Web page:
Panda Security’s weekly report on viruses and intruders
March 2009 by Panda
This week’s PandaLabs report looks at the Nabload.DLU Trojan, the Renus2008 adware and the MSNworm.FZ worm.
Nabload.DLU passes itself off as a funny video to trick users while downloading another malicious code to the target computer in order to steal online banking details. The process is as follows:
The Trojan reaches the targeted computer as a greetings video. When the user opens the file, the Trojan loads a funny video from the Internet, while simultaneously downloading another malicious code: Banker.LRX. This malware is designed to steal login credentials for several online banking entities.
You can watch a video showing what the targeted user would see while being infected: http://www.youtube.com/watch?v=OaQhFhVX6yI
Nabload.DLU also modifies the Windows Registry in order to activate every time the user restarts the computer. This way, it ensures it is always active on the system.
Renus2008 is a fake antivirus type of adware. Once run, it shows a screen simulating a computer scan. The malicious code gives the possibility of performing a quick or an in-depth scan of the computer. Also, users can configure different aspects of the fake antivirus as if it was a real one.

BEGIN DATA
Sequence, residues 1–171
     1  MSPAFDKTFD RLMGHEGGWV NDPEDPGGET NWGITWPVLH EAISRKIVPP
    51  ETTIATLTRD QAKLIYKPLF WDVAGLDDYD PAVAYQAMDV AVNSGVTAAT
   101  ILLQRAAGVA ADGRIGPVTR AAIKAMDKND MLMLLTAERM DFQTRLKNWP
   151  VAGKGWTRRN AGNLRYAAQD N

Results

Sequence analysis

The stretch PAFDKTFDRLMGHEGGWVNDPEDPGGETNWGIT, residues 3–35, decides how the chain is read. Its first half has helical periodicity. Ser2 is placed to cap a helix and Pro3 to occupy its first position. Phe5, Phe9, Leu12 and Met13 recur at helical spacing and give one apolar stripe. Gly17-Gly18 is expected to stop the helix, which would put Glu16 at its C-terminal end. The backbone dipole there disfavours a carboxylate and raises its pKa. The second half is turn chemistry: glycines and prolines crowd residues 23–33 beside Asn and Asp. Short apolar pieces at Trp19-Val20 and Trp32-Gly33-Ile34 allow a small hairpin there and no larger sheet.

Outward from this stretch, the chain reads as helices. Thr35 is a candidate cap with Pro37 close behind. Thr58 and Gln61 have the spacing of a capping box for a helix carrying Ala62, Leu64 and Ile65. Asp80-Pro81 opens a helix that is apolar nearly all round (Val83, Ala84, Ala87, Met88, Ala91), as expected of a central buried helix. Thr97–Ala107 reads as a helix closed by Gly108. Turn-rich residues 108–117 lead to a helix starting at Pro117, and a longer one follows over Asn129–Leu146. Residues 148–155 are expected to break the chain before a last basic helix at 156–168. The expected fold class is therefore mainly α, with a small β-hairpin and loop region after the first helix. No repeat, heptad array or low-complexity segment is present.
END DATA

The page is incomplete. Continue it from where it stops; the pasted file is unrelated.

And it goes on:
Once the fake scan finishes, a warning message is displayed indicating that some infected files have been found on the system. However, these files do not exist.
Users are offered the option to disinfect their computers through the "Remove Viruses" button on the scan screen. If they do so, a window is displayed inviting them to register and buy the paid version of the fake antivirus (see image here: )
"If the user buys the paid version, they are paying for a product that actually does nothing and which, in some cases can’t even be downloaded", explains Luis Corrons, Technical Director of PandaLabs. "This is one more example of how cyber-crooks try to trick users in order to get their money".
MSNworm.FZ is a worm that spreads by using the instant messaging program MSN Messenger. It attaches itself to messages passing itself off as a picture file, and sends itself to the victim’s contact list.
To trick users, once run it shows an error message indicating that the "picture can not be displayed".
The worm also modifies the Microsoft Internet Explorer home page and creates a key in the Windows Registry to ensure it is run every time the session is started.